Baked chocolate hazelnut babka in a loaf pan.

The complete ingredient list and detailed instructions are in the recipe card at the bottom of the page.


To make my Chocolate Hazelnut Babka you’ll need the following equipment:

  • A loaf pan: I use a standard European loaf pan which is around 30cm (12 in.) long with high sides. These are sometimes sold as 2 lb. pans. Alternatively, this babka can be baked as a spiral in a 26 cm (10in.) round spring form pan.
  • A stand mixer with a dough hook: Because yeast dough is quite wet, it’s easiest to use a stand mixer to make the dough. Don’t worry if you don’t have one! You’re just going to need a large mixing bowl, a wooden spoon and plenty of elbow grease! Full details in recipe notes.
  • A rolling pin: The dough needs to be rolled out before braiding, so you’ll need a rolling pin for this recipe (though in a pinch, a wine bottle or other cylinder will do.)


What can I do if the dough doesn’t rise?

If the dough doesn’t rise, it’s likely that it is out of date, though it can be simply due to the kitchen being a little too cold! Give the dough an extra half-hour rising time in a warm spot, then proceed as per the recipe. Be sure to use the freshest possible yeast (check the expiry date!) for the best results.

What can I do with leftover babka?

I can say, hand on heart, that there is seldomly leftover babka in my house! However, it makes a fantastic french toast if you need to pep it up a little. I also slice it and freeze it if I think it won’t get eaten up.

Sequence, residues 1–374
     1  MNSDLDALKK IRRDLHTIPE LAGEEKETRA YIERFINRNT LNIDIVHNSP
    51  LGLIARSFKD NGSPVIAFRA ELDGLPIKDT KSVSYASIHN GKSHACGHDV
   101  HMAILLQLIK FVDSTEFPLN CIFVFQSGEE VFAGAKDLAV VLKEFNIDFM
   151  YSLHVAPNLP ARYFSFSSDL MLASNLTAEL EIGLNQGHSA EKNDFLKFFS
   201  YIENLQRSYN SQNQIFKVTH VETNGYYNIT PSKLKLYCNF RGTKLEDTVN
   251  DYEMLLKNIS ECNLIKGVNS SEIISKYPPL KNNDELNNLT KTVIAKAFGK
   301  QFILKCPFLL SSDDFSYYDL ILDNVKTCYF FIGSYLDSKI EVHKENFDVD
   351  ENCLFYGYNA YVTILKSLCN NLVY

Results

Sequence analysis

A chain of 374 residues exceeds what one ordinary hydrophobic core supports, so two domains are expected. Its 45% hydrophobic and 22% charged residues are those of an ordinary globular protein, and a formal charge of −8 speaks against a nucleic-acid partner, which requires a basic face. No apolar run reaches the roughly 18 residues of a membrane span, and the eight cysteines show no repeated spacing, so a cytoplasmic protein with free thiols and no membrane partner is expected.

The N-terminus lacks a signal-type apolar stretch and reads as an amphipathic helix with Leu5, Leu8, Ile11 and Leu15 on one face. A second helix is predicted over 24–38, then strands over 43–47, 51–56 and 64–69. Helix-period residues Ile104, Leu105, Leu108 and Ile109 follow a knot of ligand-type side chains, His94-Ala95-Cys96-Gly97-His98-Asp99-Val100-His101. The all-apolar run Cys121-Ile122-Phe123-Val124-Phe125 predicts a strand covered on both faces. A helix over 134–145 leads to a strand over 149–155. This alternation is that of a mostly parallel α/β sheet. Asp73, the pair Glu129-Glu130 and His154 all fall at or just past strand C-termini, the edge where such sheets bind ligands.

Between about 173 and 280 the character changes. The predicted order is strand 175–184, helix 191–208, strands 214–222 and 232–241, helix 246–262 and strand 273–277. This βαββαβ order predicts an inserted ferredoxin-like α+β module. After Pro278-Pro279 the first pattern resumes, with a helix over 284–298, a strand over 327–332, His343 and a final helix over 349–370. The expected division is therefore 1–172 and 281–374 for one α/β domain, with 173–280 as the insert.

Can I make other flavours of babka?

Of course! Cinnamon and sugar is a delicious option, as well as using jam or jelly. You can even make a savoury babka with pesto or pizza sauce (yuuuummmmm!)

Enriched Yeast Dough

An enriched yeast dough of hefeteig like this one is an incredibly useful recipe!

You can use a similar dough to make easy Cinnamon donuts, German carnival donuts, or my beautifully festive Cinnamon Star bread.

Sliced Chcolate hazelnut babka.

Chocolate Hazelnut Babka Recipe

Chocolate Hazelnut Babka

Chocolate Hazelnut Babka

Jay Wadams
With layers of sweet yeast dough, lavishly smothered with chocolate and studded with crunchy hazelnuts, my Chocolate Hazelnut Babka is completely irresistible.
5 from 3 votes
Prep Time 15 minutes
Cook Time 35 minutes
Rising Time 1 hour 20 minutes
Total Time 2 hours 10 minutes
Serves 6 slices


for the dough:

  • 100 ml whole milk
  • 21 g ½ a cube fresh yeast , or 7 g (2 tsp) active dry yeast
  • 250 g plain or all-purpose flour, divided
  • 30 g white sugar
  • 2 tsp vanilla sugar
  • ¼ tsp sea salt
  • finely grated zest of 1 orange
  • 50 g unsalted butter, softened
  • 1 egg yolk

for the filling:

  • 100 ml heavy cream
  • 200 g dark chocolate, roughly chopped
  • 100 g toasted hazelnuts, roughly chopped
  • pinch of sea salt

for the glaze:

  • 3 Tbsp white sugar


  • PREPARE THE YEAST: Heat the milk in a small saucepan over low heat until just warm (but not hot!) when you dip your little finger into it. Remove from the heat, then stir in the yeast. Set aside.
  • MAKE THE DOUGH: In the bowl of a stand mixer with the dough hook fitted (see note 1) combine 175g flour (about two-thirds), sugar, vanilla, salt and orange zest. While mixing, add the butter and egg yolk, then give the yeast and milk mixture a stir and pour it into the bowl. Run the mixer on high until the ingredients are combined, then with the mixer on low add the remaining flour. Knead for 5 minutes.
  • After 5 minutes the dough should be moving freely around the bowl of the mixer, and only lightly sticky. If it is still a little liquid or sticking to the sides of the bowl add one tablespoon of flour and knead for another minute.